Damp, windy conditions held down the crowds and ballooned the finishing times today at the 119th running of the Boston Marathon, but, for competitors, spectators, and anyone who is a runner, Boston, Massachusetts today was, indeed, the center of the universe.

Social media enabled runners and those who follow them to chronicle their journey, which began in the pre-dawn hours, as competitors boarded the hundreds of yellow school buses that transported them to the athletes' village at Hopkinton. Arriving at the city of nearly 30,000 runners, marathoners attempted to remain warm, take care of their bathroom needs, amid the armed presence of police and security guards in the woods surrounding the Hopkinton Middle School. Huddled together like vertical firewood, they stayed warm, discarding their disposable clothing in the moments before they began to move. Finally, the soles of their running shoes touching the blue mat at the starting line, their magnificent journey, the product of many months of diligent and dedicated training, began.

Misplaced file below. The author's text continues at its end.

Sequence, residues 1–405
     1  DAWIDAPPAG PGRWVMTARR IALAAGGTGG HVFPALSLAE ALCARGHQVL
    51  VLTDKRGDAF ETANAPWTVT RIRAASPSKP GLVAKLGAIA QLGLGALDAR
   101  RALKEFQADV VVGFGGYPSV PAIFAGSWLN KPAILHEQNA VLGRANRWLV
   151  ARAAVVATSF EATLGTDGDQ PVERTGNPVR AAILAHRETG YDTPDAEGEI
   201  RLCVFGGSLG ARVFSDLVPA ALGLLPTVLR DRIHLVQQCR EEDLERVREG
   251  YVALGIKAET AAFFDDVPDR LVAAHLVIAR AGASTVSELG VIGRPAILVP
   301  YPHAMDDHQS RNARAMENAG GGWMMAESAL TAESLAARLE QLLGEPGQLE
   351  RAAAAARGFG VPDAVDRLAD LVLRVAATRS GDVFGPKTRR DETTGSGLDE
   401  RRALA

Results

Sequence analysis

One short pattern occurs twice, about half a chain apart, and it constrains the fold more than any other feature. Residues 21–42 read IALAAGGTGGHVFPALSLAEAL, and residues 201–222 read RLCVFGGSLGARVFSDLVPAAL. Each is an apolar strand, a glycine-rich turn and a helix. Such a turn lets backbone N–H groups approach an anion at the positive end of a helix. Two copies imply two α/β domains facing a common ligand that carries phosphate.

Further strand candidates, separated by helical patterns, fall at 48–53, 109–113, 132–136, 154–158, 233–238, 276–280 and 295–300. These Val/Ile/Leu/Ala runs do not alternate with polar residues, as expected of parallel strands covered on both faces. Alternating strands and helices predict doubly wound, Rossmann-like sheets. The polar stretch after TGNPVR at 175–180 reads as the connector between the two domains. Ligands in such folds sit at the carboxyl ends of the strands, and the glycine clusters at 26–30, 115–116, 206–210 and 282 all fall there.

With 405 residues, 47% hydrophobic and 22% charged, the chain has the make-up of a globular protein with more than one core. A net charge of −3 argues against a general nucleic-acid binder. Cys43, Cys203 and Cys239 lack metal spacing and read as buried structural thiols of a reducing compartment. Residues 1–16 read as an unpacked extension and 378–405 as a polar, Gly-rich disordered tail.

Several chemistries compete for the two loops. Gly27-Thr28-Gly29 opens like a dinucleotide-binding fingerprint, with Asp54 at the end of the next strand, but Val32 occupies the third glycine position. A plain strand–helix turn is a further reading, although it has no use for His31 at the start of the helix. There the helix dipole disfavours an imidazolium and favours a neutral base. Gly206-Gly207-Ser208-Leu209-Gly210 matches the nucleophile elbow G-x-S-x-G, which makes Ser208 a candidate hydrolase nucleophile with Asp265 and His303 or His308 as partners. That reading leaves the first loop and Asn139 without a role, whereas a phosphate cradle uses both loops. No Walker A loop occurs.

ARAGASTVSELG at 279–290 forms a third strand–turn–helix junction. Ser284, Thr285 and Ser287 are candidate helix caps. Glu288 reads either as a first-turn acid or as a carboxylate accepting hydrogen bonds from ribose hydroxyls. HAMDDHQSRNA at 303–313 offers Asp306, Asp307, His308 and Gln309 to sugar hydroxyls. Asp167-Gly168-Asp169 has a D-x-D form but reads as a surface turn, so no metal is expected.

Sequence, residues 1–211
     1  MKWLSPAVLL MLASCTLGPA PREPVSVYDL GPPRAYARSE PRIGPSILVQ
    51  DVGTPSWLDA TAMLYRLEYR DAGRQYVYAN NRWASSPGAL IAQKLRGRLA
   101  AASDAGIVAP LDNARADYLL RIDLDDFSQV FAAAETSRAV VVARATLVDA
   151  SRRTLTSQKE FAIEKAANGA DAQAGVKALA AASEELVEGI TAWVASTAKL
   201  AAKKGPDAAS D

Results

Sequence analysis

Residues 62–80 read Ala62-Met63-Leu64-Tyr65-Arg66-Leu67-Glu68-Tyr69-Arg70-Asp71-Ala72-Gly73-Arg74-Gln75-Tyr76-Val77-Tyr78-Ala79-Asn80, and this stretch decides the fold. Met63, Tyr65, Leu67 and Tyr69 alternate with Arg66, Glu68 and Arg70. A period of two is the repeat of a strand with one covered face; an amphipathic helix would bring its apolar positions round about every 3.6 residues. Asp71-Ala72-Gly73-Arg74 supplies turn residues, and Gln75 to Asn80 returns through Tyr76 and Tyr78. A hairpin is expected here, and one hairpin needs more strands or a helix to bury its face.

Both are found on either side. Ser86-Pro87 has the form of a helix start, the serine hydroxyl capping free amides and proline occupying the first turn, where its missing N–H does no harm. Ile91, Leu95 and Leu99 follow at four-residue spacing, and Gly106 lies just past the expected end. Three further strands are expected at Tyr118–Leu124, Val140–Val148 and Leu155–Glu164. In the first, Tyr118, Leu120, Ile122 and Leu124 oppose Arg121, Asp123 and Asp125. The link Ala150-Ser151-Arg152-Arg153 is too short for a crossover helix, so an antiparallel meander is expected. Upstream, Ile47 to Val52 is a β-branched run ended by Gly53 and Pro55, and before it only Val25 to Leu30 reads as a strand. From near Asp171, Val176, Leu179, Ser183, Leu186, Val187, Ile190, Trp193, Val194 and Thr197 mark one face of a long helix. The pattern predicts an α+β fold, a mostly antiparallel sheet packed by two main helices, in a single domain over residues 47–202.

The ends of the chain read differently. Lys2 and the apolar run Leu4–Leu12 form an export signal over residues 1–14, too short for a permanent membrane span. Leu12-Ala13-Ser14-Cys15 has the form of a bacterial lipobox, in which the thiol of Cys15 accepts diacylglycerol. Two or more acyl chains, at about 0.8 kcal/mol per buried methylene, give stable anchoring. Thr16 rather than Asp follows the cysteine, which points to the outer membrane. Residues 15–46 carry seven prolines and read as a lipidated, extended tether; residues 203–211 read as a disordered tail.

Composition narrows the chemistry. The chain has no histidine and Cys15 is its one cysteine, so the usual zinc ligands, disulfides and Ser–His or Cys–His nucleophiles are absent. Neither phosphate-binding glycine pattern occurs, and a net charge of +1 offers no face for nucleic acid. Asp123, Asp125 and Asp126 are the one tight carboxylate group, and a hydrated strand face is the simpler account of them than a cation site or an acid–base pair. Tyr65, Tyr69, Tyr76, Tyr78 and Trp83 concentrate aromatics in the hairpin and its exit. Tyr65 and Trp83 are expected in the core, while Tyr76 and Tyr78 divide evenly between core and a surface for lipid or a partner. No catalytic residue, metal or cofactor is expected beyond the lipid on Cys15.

At the finish line in downtown Boston, after 26.2 soggy, windy miles, Lelisa Desisa of Ethiopia and Caroline Rotich from Kenya, broke the finish tape first for the men and women, continuing East African domination of the storied race.

American runners fought valiantly in both the men's and women's race.

It was then, however, that the stories of the men and women who, perhaps were not blessed with world-class running ability, and are not professional runners, began. They crossed the line, some crossing the line some four hours after the winner. Men and women of all ages, from all over the world, who covered the hills of New England to earn the right to say, "I ran Boston," and to have the medal, emblazoned with the unicorn and the number '119' forged on it.